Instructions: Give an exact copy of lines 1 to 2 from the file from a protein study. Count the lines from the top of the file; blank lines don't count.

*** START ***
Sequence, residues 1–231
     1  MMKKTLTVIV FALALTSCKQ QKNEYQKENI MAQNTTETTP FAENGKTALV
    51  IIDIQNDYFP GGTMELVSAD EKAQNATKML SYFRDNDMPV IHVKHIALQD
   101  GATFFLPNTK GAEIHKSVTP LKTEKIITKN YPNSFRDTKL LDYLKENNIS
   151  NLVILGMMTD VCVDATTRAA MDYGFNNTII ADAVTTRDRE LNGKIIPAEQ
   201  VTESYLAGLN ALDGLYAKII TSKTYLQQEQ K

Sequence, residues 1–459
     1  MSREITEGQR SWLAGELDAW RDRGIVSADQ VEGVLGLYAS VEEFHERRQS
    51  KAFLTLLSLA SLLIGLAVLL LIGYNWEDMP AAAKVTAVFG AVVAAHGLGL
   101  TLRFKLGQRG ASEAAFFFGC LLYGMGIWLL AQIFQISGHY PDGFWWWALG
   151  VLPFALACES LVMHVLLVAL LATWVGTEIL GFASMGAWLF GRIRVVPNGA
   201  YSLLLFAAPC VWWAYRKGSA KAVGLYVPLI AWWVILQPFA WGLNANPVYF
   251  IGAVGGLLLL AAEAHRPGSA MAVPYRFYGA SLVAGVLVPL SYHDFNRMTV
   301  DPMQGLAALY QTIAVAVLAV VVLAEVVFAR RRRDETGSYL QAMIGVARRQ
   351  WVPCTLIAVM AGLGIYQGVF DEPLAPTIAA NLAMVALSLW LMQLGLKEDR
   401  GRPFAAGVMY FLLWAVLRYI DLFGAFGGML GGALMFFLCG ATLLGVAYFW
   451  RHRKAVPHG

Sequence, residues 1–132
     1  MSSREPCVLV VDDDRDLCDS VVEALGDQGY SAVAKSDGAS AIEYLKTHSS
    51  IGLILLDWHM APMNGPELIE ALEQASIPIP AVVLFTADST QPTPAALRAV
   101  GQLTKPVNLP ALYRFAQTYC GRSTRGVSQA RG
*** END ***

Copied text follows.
Sequence, residues 1–231
     1  MMKKTLTVIV FALALTSCKQ QKNEYQKENI MAQNTTETTP FAENGKTALV